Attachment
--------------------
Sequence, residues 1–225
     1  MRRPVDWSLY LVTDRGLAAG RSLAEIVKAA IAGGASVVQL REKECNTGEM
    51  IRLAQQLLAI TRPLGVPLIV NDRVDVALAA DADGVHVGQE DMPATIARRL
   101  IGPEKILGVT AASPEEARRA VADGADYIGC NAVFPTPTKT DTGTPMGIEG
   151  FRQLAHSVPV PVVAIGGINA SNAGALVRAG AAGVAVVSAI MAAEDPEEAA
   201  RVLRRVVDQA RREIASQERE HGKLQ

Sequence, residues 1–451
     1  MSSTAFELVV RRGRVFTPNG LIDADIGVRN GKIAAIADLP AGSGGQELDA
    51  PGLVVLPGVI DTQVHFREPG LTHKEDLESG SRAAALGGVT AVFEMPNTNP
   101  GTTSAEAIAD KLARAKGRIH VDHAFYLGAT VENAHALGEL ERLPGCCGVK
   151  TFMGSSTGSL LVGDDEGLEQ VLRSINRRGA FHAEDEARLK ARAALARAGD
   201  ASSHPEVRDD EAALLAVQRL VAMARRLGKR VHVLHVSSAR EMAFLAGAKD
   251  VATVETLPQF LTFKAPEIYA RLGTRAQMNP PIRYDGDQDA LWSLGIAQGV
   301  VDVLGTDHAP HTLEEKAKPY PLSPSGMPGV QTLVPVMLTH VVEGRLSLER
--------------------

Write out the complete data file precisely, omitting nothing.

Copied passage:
Sequence, residues 1–225
     1  MRRPVDWSLY LVTDRGLAAG RSLAEIVKAA IAGGASVVQL REKECNTGEM
    51  IRLAQQLLAI TRPLGVPLIV NDRVDVALAA DADGVHVGQE DMPATIARRL
   101  IGPEKILGVT AASPEEARRA VADGADYIGC NAVFPTPTKT DTGTPMGIEG
   151  FRQLAHSVPV PVVAIGGINA SNAGALVRAG AAGVAVVSAI MAAEDPEEAA
   201  RVLRRVVDQA RREIASQERE HGKLQ

Sequence, residues 1–451
     1  MSSTAFELVV RRGRVFTPNG LIDADIGVRN GKIAAIADLP AGSGGQELDA
    51  PGLVVLPGVI DTQVHFREPG LTHKEDLESG SRAAALGGVT AVFEMPNTNP
   101  GTTSAEAIAD KLARAKGRIH VDHAFYLGAT VENAHALGEL ERLPGCCGVK
   151  TFMGSSTGSL LVGDDEGLEQ VLRSINRRGA FHAEDEARLK ARAALARAGD
   201  ASSHPEVRDD EAALLAVQRL VAMARRLGKR VHVLHVSSAR EMAFLAGAKD
   251  VATVETLPQF LTFKAPEIYA RLGTRAQMNP PIRYDGDQDA LWSLGIAQGV
   301  VDVLGTDHAP HTLEEKAKPY PLSPSGMPGV QTLVPVMLTH VVEGRLSLER